New Scouting Display Opens November 24

Port Moody Scouts march down St. John’s Street in the 1940 May Day parade.

Port Moody Scouts march down St. John’s Street in the 1940 May Day parade.

Scouting: History in the Making

Created in partnership with the 40th Canadian Baden-Powell Guild (Tri-Cities), the Port Moody Station Museum is proud to present Scouting: History in the Making. The display highlights the changes in the scouting movement over the past century.

Rope Making

Scouting was first established in Port Moody and much of North America in the 1920s. Since this time the movement has changed greatly. While the emphasis on community service remains a central part of the movement, how this service takes shape looks much different. Even staple activities like camping have been altered with the consideration of environmentalism. This interactive display illustrates these changes and what the scouting movement looked like then and now.

The display includes special program days for visitors to participate in scouting activities, both old and new. Wendy Williams, Guild Master of the 40th said, “We wanted the display to be engaging, keeping the OUT in scouting. So we included weekends and evenings of programs that show, hands-on how scouting has changed with the times.”

The display opens at the Museum November 24th with special pioneering activities for opening weekend.  Additional weekend and evening activities will take place for the duration of the display. For more details, check out our Upcoming Events page. Like scouting, the programs go on rain or shine. The display ends on March 10th, 2013.

Ioco Days Brings Out Community Spirit

Bruce Schroeder and the ladies of the Ioco Church celebrate the pie competition entries.

Bruce Schroeder and the ladies of the Ioco Church celebrate the pie competition entries.

Ioco Days Festival has become a hallmark event in Port Moody and you can tell by the efforts community members give to show their support. This year, Heritage Society member and professional baker Bruce Schroeder donated over $700 to show his support. Some of you may know Bruce as the pie contest judge from Ioco Ghost Town Day. Bruce spent 80 hours of his vacation time baking butter tarts and shortbread cookies. He sold these to friends, colleagues and neighbours raising money to support the event. Bruce has shown similar support in the past but went above and beyond this year by organizing this fundraising initiative all on his own. Thanks to Bruce, we were able to break even with this year’s Ghost Town Day event.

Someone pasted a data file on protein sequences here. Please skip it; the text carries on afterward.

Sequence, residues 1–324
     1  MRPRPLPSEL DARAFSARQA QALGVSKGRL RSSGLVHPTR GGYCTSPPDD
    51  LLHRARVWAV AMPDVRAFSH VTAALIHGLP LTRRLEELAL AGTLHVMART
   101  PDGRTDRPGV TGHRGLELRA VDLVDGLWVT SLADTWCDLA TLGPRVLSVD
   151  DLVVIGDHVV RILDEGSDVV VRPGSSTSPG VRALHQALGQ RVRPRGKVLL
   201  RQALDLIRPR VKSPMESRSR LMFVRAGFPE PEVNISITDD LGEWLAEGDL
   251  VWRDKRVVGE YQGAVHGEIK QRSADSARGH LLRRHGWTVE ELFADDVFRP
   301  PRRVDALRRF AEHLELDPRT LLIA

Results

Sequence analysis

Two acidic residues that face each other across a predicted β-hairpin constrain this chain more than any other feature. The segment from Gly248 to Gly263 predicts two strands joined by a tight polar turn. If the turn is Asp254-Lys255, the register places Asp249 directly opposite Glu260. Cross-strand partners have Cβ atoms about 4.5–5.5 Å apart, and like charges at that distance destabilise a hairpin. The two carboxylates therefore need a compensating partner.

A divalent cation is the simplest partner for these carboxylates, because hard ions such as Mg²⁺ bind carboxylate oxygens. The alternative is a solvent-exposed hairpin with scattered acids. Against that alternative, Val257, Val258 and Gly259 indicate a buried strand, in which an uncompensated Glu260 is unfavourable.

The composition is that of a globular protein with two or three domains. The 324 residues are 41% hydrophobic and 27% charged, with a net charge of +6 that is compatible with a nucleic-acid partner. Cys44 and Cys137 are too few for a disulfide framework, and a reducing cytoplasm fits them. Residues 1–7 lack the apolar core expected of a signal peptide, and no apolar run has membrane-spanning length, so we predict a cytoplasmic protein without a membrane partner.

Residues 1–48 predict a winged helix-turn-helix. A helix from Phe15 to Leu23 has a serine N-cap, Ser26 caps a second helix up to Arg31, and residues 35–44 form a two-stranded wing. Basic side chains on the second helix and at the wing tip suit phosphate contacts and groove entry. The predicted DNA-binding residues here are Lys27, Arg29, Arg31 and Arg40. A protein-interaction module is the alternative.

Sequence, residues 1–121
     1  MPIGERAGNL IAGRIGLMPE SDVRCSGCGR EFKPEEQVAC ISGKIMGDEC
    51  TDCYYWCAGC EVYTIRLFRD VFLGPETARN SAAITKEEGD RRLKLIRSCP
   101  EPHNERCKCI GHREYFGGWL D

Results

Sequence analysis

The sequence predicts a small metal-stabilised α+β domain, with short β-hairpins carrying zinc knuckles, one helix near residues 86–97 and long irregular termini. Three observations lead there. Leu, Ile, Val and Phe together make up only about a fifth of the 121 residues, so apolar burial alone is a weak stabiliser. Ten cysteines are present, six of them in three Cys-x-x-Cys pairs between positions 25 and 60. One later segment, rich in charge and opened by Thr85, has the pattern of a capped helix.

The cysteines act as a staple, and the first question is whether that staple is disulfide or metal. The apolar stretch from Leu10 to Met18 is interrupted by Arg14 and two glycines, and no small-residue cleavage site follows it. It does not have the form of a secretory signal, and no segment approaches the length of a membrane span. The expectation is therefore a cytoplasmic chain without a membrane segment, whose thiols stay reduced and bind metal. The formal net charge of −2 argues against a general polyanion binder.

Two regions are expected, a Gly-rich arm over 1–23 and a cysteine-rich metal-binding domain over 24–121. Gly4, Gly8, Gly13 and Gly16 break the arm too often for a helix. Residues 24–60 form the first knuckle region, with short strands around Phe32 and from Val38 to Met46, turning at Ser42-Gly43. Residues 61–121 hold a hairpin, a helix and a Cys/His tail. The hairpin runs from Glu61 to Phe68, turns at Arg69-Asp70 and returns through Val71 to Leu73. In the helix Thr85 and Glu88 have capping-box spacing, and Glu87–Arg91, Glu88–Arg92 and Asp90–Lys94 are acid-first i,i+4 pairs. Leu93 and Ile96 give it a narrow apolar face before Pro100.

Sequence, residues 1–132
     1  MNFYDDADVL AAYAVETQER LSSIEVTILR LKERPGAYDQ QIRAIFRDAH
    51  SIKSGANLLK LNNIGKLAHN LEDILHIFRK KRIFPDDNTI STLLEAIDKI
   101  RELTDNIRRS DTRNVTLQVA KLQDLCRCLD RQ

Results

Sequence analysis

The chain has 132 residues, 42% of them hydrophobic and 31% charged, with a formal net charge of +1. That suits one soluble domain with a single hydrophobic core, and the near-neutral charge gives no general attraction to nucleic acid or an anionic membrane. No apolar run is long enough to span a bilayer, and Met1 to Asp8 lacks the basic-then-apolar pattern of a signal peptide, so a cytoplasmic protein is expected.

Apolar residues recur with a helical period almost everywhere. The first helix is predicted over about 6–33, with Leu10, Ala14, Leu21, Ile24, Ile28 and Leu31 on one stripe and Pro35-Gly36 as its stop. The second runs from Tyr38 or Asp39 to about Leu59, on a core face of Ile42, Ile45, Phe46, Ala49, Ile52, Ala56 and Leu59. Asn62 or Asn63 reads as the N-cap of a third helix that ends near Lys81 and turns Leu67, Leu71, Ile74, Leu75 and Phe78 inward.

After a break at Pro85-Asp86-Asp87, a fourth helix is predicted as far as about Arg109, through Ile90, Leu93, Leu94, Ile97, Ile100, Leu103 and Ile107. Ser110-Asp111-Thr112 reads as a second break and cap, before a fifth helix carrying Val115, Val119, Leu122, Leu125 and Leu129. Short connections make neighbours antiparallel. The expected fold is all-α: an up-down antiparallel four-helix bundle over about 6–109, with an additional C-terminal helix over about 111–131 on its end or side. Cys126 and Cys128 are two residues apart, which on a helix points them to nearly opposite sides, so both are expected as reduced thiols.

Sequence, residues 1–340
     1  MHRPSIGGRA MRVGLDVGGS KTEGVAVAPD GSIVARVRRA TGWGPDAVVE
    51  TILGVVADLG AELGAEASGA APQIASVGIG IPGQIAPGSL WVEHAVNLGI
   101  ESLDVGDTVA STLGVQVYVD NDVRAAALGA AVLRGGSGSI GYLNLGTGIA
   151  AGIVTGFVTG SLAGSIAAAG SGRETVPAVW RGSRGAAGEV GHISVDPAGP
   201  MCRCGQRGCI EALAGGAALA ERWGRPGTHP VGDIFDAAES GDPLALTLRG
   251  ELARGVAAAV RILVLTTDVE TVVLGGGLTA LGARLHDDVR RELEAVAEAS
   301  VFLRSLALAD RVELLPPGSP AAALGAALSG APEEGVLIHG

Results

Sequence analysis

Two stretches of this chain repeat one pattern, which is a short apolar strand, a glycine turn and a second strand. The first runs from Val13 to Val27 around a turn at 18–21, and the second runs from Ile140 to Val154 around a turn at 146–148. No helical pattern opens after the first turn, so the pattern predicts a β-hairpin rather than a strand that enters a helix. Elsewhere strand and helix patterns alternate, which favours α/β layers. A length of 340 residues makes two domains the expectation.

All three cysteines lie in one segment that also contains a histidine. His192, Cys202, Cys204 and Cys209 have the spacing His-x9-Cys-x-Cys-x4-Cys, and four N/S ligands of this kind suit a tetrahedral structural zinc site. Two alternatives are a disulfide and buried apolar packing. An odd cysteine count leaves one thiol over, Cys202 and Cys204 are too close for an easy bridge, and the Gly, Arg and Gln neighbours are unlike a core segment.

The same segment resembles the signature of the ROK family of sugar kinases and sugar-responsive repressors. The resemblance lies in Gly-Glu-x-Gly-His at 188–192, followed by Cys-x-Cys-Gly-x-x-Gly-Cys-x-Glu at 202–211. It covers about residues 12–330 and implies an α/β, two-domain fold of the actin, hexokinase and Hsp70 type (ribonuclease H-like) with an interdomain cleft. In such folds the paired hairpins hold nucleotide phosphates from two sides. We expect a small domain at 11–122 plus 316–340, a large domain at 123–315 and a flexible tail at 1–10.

The barbershop quartet “Antique Gold” learns about wool from spinner Catherine Dumaine.

Bruce isn’t the only one to show his support. Over 20 community groups showed up in the pouring rain for Ioco Ghost Town Days. Despite the soggy weather, there were smiles on faces and warmth in people’s hearts. Visitors also didn’t shy away with over 200 people showing up.

A big thanks also to our local business sponsors Impact Canopies, Freybe’s Gourmet Foods, and Pacific Coast Terminals for donating thousands of dollars of in-kind services and money to support the event. We have relied on these sponsors for many years to make Ghost Town Days happen.

Expanding Horizons Home School Association was out in full force.

The spirit that the Port Moody and Tri Cities community shows for Ioco Days is remarkable. We should all take pride in the success of such a grass roots event and the attention it brings to the wonderful heritage site of Ioco.